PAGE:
A bit of World War II history is landing in Falls City this Saturday, Oct. 15.
A wing panel off a B-17 (Flying Fortress) is being sent around the U.S. to be signed by surviving members of the historic 8th Air Force’s 384th Bomb Group stationed at Grafton-Underwood, England, during the war. It will be signed by Bill Schock, a B-17 pilot in the 38th, at a brief 11 a.m. ceremony at the Richardson County Historical Museum, 1401 Chase St.
The B-17 and B-24 (Liberator) were the workhorses of the violent air war, which preceded the D-Day invasion of Normandy, France, for nearly two years. The 384th’s primary function was the strategic bombardment of airfields and industries in France, Germany, and surrounding Nazi-occupied areas.
Schock, then 25, made his first combat raid on Oct. 8, 1943.
“The first week, we lost 156 B-17s and about 1,500 men ended up either prisoners of war or killed,” he said.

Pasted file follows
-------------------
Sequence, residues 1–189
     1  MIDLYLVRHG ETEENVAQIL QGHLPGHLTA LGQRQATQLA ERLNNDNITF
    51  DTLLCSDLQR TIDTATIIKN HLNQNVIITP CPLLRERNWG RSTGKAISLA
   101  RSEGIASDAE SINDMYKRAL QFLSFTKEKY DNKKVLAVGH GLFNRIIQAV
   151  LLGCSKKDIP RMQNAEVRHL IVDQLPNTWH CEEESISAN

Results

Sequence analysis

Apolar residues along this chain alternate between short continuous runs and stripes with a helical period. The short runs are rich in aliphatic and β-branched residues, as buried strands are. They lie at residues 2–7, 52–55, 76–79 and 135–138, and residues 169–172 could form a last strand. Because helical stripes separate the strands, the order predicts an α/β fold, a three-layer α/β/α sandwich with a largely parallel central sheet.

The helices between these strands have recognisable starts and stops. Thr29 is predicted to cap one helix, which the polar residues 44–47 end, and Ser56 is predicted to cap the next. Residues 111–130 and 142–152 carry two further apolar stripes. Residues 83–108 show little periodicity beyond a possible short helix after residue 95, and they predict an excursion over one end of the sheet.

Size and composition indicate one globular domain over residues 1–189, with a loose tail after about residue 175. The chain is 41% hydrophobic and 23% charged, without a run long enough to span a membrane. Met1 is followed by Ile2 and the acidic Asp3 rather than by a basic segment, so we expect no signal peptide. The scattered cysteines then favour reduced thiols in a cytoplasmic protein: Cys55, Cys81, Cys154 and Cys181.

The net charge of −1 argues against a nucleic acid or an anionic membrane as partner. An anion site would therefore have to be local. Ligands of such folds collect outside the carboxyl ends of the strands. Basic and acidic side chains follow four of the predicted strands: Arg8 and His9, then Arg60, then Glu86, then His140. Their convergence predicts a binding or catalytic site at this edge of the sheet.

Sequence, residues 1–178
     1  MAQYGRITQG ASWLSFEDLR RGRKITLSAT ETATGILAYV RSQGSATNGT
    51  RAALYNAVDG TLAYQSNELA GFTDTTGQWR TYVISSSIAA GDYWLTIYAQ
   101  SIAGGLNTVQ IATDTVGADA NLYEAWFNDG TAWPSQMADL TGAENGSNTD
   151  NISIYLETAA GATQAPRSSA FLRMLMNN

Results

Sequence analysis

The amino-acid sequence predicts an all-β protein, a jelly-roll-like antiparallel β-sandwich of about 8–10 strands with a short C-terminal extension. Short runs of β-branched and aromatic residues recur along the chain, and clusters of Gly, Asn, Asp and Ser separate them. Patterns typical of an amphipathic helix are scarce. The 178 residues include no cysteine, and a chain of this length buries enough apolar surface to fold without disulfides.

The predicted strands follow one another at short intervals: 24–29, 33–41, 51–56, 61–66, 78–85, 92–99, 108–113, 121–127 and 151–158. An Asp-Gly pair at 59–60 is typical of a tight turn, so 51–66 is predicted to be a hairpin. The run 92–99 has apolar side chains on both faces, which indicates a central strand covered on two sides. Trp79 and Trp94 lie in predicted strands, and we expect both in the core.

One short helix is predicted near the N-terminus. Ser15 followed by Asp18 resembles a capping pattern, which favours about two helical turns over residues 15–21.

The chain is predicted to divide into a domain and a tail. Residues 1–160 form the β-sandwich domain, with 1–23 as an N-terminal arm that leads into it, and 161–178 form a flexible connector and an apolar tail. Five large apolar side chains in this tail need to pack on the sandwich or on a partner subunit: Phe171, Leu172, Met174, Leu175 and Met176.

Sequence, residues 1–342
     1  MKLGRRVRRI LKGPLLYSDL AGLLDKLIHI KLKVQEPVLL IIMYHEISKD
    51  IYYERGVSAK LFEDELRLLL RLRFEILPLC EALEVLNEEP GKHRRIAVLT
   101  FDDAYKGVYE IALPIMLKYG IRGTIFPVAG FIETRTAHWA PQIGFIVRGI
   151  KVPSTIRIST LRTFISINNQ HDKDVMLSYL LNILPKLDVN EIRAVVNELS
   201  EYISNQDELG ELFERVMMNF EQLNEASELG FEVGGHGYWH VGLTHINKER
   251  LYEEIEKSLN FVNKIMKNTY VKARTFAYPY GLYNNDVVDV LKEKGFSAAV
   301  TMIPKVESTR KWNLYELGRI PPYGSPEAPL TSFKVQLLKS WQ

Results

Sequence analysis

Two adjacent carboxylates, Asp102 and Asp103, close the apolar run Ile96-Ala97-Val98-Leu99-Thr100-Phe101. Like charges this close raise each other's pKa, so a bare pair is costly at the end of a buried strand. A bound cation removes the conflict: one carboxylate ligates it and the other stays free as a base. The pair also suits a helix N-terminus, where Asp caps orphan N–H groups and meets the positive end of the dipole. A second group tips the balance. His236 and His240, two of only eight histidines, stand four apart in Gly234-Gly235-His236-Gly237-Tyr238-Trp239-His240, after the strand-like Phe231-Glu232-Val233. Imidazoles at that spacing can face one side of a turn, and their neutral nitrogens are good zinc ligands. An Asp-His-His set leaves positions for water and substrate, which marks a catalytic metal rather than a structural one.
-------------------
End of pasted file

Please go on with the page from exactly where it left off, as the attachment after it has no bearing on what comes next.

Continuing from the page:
Eight months and 24 missions later, on Easter Sunday, April 9, 1944, Bill and his crew sustained a direct hit from a flak battery following a successful bombing run to Marienburg, East Prussia, and were forced to parachute into Denmark and the waiting arms of the Nazis. Schock survived 13 months as a POW at Stalag Luft I prison camp on the Baltic Sea near Barth, Germany. The liberation began on May 17, 1945 and Bill arrived back in the Falls City train station on June 27.
The panel is being brought to Falls City by Dr. Mark Meehl of the Concordia University faculty in Seward. Dr. Meehl is a 384th Bomb Group historian. His father was a crew chief in the 384th.
The panel has come to Nebraska from San Diego and will go from here to Denver and Mississippi. Eventually it will be an artifact at the Hill Aerospace Museum at Ogden, Utah.
- DOROTHY GRACE WILLIAMS
- CGB, its recruiters not in violation of CPA, judge rules